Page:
My sister did not have a will when she died suddenly in her 30s. Our entire family was able to confidently say "Yes, she wanted her organs donated." We found out later her liver saved one man who wrote my family a letter a year after the transplant. We then asked and were told her skin, corneas, other organs, were used to help more than 2 dozen people total. It was actually comforting to know a piece of her was still out there and helping others.
This is fantastic. This was someone's personal vehicle, their own quiet place they took everywhere with them. The medium with how they experience everything in this world. Now they are done with it they want it to continue to do good for others. My grandmother did this. I miss her but it does make me proud to be her grandchild and I will definitely be doing the same when I've had my fun here.
My grandpa (I never met him) died in the 60's, he wanted his body given to the medical school. My mom is doing the same, has convinced my step dad to and I plan on doing so as well. I don't need a little piece of land that nobody ever gets to use again. And my mom always used to tell me her dad viewed it like this.. "when I'm dead, I won't need my body any more, If some drunk med student breaks into the lab, cuts my arm off and hangs it up in the frat house as a prank, they're still getting more use out of it than I am." Sounds like he was a pragmatist.
So, I'm a doctor, but went through medical school recently and was quite involved in the anatomy department whilst there.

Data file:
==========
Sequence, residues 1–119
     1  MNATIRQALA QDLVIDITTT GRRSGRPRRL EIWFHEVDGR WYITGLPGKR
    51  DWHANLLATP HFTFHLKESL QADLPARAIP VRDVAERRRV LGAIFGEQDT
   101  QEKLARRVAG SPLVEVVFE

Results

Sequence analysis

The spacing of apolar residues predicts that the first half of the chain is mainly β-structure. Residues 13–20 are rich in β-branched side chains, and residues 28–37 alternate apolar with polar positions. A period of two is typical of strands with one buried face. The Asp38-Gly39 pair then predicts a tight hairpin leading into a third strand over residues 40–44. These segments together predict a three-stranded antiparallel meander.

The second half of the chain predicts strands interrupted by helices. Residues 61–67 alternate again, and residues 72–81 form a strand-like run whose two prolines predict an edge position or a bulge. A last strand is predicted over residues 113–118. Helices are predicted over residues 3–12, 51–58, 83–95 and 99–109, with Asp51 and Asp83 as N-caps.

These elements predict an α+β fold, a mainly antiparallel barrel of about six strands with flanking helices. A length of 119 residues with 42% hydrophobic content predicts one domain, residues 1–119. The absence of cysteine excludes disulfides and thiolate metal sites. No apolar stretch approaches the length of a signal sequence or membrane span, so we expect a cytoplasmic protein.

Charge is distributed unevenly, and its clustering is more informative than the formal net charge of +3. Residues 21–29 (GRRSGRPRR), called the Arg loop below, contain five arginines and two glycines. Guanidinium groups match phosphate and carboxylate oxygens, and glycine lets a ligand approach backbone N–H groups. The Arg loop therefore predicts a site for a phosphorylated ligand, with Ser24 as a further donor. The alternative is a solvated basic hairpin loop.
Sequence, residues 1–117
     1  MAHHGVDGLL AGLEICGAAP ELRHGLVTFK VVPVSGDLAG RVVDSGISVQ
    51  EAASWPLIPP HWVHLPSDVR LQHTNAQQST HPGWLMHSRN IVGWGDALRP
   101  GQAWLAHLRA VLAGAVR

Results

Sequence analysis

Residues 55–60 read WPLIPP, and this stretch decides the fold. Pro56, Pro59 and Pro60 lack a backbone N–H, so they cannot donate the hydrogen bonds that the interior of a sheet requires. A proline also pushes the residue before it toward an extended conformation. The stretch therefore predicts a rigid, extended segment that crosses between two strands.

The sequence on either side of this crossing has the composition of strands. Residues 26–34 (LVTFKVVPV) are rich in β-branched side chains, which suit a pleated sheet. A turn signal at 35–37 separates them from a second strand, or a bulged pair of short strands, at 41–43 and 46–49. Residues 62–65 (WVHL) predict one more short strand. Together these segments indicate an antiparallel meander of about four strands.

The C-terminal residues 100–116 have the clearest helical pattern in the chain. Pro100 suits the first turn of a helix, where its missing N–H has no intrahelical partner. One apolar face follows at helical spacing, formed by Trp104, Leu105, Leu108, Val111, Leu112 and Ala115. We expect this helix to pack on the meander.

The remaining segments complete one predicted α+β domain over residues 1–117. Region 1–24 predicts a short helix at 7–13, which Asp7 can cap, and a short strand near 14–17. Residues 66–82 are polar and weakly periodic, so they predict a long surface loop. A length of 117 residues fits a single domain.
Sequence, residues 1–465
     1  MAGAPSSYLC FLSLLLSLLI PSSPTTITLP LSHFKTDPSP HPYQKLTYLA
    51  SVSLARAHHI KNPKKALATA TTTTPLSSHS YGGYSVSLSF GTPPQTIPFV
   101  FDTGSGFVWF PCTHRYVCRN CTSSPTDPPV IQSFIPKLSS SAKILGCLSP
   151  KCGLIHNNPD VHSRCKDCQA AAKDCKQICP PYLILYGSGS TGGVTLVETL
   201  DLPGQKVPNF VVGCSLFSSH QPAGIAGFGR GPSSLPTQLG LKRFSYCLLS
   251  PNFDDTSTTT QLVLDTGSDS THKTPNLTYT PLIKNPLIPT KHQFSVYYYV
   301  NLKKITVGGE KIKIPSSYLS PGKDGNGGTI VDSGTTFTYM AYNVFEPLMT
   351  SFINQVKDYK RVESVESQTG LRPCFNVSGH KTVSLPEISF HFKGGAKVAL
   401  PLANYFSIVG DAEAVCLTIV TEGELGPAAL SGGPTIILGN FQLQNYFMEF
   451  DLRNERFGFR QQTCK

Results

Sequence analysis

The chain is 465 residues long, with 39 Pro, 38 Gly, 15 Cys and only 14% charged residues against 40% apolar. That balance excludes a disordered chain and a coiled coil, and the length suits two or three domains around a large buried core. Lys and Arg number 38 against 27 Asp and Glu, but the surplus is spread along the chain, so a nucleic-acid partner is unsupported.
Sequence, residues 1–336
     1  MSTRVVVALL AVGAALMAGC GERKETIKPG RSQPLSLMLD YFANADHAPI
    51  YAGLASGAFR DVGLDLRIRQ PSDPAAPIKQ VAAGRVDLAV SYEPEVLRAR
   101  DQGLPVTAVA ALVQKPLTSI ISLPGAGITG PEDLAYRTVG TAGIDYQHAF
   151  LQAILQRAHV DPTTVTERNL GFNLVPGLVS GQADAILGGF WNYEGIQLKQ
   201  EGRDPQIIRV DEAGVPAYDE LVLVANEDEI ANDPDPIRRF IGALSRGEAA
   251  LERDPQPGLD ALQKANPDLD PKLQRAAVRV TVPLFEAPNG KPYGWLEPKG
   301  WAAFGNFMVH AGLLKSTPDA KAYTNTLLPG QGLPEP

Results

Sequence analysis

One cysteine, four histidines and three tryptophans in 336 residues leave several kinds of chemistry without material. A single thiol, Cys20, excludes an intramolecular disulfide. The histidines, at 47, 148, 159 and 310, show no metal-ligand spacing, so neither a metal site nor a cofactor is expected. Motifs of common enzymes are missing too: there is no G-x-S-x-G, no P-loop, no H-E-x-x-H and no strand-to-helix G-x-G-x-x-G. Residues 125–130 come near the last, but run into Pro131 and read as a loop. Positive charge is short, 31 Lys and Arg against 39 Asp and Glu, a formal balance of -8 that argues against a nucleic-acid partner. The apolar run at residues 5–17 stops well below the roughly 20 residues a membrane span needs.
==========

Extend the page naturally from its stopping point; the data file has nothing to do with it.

Each person (cadaver/ donor) was used to teach ~ 30-40 students (i.e. 10 people in first year would study the limbs, 10 people in upper years would study the chest, 10 people would study the abdomen .etc).
The cadavers were treated with a lot of respect, and nothing was thrown away (all bits were saved and kept with the body). At the end of the academic year when we had finished learning from them they were cremated, and some of us went to a memorial service. Some of the donors' families were there, and were offered the urn to keep or scatter, the rest were scattered in the nice woodland cemetary where the service took place.
Both donating organs or donating body to science are wonderful things to do as even after you have died you're still helping people (and hopefully by proxy the doctors that you help train will go on to help even more people). It's the gift that keeps on giving.
The only thing that would make me hesitate is that from death to cremation could be ~ 1 year, which might not be cool with your family if they have strong feelings about these things.
I've always said that this should be the way.
I got an extra 13 years with my dad thanks to someone else's heart.
When my fiancee passed away suddenly a couple years ago, I found it oddly comforting to know his bone marrow and retinas moved along to someone else.
Pregnant Cow Escapes From A Truck That Was Taking Her To The Slaughterhouse And Gives Birth To A Wonderful Calf